CATCH THE BUZZ – Pit Stop for Monarch Butterflies

Patagonia, Arizona, an essential pit stop for monarch butterflies

By: Alexandra Pere/ El Inde

When Gary Nabhan was growing up in the Indiana Dunes, Indiana, he remembered being sleepy in the middle of his class one day. Looking out the window, he studied the leaves of a tree nearby.

Nabhan, who would later find out he is color blind, thought the leaves had odd colors. And as this crossed his mind, the leaves — which turned out to be monarch butterflies — flew away. Nabhan’s lifelong fascination with pollinators had just begun.

Pollinator animal species such as bees, bats and monarch butterflies are essential to biodiversity. Patagonia, in southeastern Arizona, is an important corridor for monarchs migrating from Mexico as they fertilize native plants, transporting pollen from one flower to another when they land for recovery. Without pollinators, plants in North and South America wouldn’t repopulate as successfully, according to Nabhan’s research.

But monarch migration across borders doesn’t just affect plants, it also touches the lives of humans.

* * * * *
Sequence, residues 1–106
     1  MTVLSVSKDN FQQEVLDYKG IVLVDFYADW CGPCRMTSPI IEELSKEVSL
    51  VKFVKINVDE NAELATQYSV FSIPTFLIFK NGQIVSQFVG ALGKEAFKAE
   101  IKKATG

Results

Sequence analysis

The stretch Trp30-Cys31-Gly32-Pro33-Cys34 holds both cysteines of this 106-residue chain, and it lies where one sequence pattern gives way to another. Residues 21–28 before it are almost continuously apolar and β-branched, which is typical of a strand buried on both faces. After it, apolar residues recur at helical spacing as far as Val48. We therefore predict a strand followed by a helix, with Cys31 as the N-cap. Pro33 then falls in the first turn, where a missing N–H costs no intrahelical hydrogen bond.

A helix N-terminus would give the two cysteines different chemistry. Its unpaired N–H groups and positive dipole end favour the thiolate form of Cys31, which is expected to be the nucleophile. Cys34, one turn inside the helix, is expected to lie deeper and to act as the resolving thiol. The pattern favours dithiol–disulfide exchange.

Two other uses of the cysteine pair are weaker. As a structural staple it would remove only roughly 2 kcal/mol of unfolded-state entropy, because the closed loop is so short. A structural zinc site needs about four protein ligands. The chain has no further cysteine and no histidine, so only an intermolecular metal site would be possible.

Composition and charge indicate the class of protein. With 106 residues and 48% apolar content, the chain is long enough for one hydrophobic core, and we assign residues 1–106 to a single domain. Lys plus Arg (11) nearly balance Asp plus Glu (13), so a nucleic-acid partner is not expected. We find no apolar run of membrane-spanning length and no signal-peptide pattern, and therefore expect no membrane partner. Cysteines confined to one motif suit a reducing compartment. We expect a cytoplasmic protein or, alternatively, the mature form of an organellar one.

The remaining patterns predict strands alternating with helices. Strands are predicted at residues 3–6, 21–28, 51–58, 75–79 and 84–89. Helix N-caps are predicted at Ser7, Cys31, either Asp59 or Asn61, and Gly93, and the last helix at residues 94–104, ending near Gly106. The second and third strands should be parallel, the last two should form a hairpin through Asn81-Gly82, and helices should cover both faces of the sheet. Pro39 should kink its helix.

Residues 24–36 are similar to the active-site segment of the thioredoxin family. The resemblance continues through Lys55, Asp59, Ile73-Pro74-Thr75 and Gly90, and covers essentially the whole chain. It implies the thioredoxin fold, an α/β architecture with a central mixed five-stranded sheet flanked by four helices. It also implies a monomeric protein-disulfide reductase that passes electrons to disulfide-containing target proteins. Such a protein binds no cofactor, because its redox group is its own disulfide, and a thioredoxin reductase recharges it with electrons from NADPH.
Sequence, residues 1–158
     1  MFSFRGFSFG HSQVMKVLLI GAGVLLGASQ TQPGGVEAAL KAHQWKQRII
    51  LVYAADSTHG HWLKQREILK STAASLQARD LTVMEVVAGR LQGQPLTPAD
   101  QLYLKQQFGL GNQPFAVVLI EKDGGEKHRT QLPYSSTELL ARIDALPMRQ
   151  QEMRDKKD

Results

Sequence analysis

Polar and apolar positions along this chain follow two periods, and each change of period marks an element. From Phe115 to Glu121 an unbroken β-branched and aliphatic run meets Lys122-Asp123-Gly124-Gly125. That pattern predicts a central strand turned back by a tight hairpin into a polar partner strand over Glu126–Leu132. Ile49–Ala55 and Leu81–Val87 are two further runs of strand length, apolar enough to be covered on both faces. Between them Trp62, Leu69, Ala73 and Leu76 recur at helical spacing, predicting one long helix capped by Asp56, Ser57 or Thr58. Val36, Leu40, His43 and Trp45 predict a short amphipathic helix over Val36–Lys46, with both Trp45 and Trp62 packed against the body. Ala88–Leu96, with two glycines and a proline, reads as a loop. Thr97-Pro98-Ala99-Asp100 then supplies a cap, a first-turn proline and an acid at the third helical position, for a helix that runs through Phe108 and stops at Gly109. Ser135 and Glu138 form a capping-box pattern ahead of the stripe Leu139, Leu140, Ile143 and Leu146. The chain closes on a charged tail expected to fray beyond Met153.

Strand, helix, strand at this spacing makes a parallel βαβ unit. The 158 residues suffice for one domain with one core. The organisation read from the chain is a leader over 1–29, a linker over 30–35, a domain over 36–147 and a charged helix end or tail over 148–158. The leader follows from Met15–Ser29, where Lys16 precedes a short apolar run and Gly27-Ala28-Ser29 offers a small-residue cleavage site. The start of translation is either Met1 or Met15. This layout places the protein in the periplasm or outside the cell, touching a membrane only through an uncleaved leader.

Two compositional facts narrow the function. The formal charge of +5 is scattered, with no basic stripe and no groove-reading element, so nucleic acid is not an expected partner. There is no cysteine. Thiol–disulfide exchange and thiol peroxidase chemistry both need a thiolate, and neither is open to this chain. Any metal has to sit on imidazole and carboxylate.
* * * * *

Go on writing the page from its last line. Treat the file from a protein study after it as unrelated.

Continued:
Nabhan, a 68 year-old research scientist at the University of Arizona, lives in Patagonia, which has a small butterfly garden on the edge of the town park. The miniature garden has a small sidewalk with educational plaques and colorful ceramic sculptures. Rainbow butterfly shapes line the benches inside the fenced area. A sign reading “Monarch Qaystation” marks the beginning of a sidewalk flanking the park’s perimeter. These signs record locations with native milkweeds or plants that support monarch populations on their migratory journey.

As a researcher focusing on food and water security in the borderlands, Nabhan has a long history studying pollinator species. In the 1990s, Nabhan worked on the Forgotten Pollinators Campaign at the Arizona-Sonora Desert Museum to promote awareness of bee, butterfly, bat, dove and hummingbird relationships to wild plant and crop health. “This is what we call one of the most important nectar corridors in continental North America,” he said about Southern Arizona.

Nabhan’s research into pollinator migration shows there is a sequence of flowers from central Mexico to California essential to monarchs. As recently as 20 years ago, most assumed monarchs didn’t pass through Arizona and went directly to California from Mexico. However, nonprofit organizations like the Southwest Monarch Study collected data by tagging monarchs in Arizona, gaining substantial evidence that the state was a refuge for the species.

The Monarch Butterfly Waystation marks the beginning of a sidewalk in the town park in Patagonia. Waystations mark areas where butterflies can find nectar sources and milkweeds. (Photo by Alexandra Pere).

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